Galen’s Thoughts: I will confess this: having had one episode of cardiac bypass surgery, I am not eager to contemplate ever having such surgery again, although it is probably in the cards for me somewhere down the road.  Many have been the times that I’d considered what I’d do if the doctors were to tell me some day “You need another bypass operation.”  Would I do it?  My thinking has run along these lines: if it were just me, probably not.  But I now am richly blessed with 6 grandchildren, and I’ve told myself “Yes, I’d do it because I want to watch them grow.”  That is a selfish motive (not necessarily a bad one, but self-centered nonetheless.)  It would be much better to say, “I don’t want then growing up without their Pop-pop.” (That’s me!)  That switches the motivation and focus away from me and my wishes, to them and their needs. 

After all, isn’t that the motivation that led Jesus to the cross?

Prayer: Lord, give us wisdom to find the way to love others properly, to find our motivation for living and life, death and dying, in loving service to them and You!  In Jesus’ name, Amen.

Copyright by 2019 by Galen C. Dalrymple.  ><}}}”>

DayBreaks for 5/01/19 – Connecting to a Disconnected God

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DayBreaks for 5/01/19: Connecting to a Disconnected God

From the DayBreaks archive: April 2009

In March of this year, Reuters carried a story about a Dutch artist by the name of Johan van der Dong who decided God needed a telephone number and so he got Him one – a cell phone, in fact -to show that God was “available anywhere and anytime.”

“In earlier times you would go to a church to say a prayer,” Dong said in an interview, “and now [this is an] opportunity to just make a phone call and say your prayer in a modern way.”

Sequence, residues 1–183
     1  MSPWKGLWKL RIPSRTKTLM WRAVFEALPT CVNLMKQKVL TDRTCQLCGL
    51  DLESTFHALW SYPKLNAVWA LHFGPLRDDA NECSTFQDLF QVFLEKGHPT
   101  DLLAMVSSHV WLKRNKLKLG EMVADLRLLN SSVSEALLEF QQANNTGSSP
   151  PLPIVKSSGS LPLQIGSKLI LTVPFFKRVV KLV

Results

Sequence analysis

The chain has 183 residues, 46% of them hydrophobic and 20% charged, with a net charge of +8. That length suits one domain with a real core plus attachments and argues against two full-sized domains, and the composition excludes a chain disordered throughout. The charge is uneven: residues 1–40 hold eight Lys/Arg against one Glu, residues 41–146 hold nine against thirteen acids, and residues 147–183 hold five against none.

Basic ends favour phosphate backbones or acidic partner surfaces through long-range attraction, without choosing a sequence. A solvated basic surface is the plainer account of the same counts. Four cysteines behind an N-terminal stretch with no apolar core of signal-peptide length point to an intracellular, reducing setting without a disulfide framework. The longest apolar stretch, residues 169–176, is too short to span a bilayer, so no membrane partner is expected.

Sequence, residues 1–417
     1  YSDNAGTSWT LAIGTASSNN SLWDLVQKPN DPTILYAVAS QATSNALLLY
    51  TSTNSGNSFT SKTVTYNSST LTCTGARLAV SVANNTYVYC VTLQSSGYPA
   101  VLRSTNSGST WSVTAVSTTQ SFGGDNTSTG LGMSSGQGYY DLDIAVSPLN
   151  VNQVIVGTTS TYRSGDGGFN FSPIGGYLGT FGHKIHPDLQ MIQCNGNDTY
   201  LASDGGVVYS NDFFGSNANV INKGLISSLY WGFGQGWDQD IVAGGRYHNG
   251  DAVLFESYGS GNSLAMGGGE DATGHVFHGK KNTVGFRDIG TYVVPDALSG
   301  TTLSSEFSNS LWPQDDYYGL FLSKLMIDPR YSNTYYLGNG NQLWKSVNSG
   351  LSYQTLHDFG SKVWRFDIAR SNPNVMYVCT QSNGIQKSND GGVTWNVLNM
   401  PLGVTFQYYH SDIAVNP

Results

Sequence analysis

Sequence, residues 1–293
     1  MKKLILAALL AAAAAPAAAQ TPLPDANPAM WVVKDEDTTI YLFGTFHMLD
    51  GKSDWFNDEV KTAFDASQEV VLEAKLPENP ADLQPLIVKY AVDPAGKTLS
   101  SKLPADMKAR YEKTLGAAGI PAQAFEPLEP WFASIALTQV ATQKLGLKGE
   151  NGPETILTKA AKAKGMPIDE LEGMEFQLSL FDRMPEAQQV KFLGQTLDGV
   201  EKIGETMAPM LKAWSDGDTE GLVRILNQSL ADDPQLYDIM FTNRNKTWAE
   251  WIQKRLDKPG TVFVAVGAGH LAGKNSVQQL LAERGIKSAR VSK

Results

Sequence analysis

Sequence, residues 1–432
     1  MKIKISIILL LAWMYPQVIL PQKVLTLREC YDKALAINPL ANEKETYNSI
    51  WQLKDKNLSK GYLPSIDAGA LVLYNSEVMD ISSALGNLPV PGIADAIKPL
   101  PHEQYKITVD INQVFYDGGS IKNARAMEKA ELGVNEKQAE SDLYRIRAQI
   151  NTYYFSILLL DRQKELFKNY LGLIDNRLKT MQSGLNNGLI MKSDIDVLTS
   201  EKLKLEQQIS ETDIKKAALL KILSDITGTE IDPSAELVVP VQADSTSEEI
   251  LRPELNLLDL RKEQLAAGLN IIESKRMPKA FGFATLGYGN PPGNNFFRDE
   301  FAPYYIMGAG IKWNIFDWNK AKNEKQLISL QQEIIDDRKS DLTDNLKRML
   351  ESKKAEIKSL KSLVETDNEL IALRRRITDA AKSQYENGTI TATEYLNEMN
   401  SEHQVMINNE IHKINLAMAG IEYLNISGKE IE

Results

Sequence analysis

What was the response?  It seems a lot of people appreciated what van der Dong did for them with the so-called “divine hotline.”  In just one week, over 1,000 people had called the cell number and left God a message.

On one hand, it’s pretty intriguing and exciting to know that over 1,000 people got the number in just one week and wanted to connect to God.  However, I can’t help but wonder how the people felt once they made the “connection.”  You see, when they called the number van der Dong set up for God, this is what they heard on the other side of the line: “This is the voice of God. I am not able to speak to you at the moment, but please leave a message.”  Now, I don’t know about you, but that doesn’t exactly give me a warm and fuzzy concept of a God who is supposed to be “available anywhere and anytime.”  Van der Dong plans on keeping the cell phone number active for only six months.

So, what has van der Dong accomplished?  Not much.  It was mostly a gimmick, perhaps even a mockery.  All he did was connect people to an altogether disconnected God.  He is not connecting people to the real God.  God doesn’t need a phone line (cell or land-line), He doesn’t have an answering machine because He’s too busy managing supernova’s somewhere in deep space, and He is never, ever disconnected from the prayers of His people. 

When you pray, what is your attitude?  Do you really understand the power to whom you are speaking?  Do you comprehend that prayer is not something to be thrown off casually like a flippant, off-hand string of comments and requests, but rather a connection with the only True and Living God?  God is not to be trifled with, but He longs for communication from the heart, and He will never be too busy to put you on hold.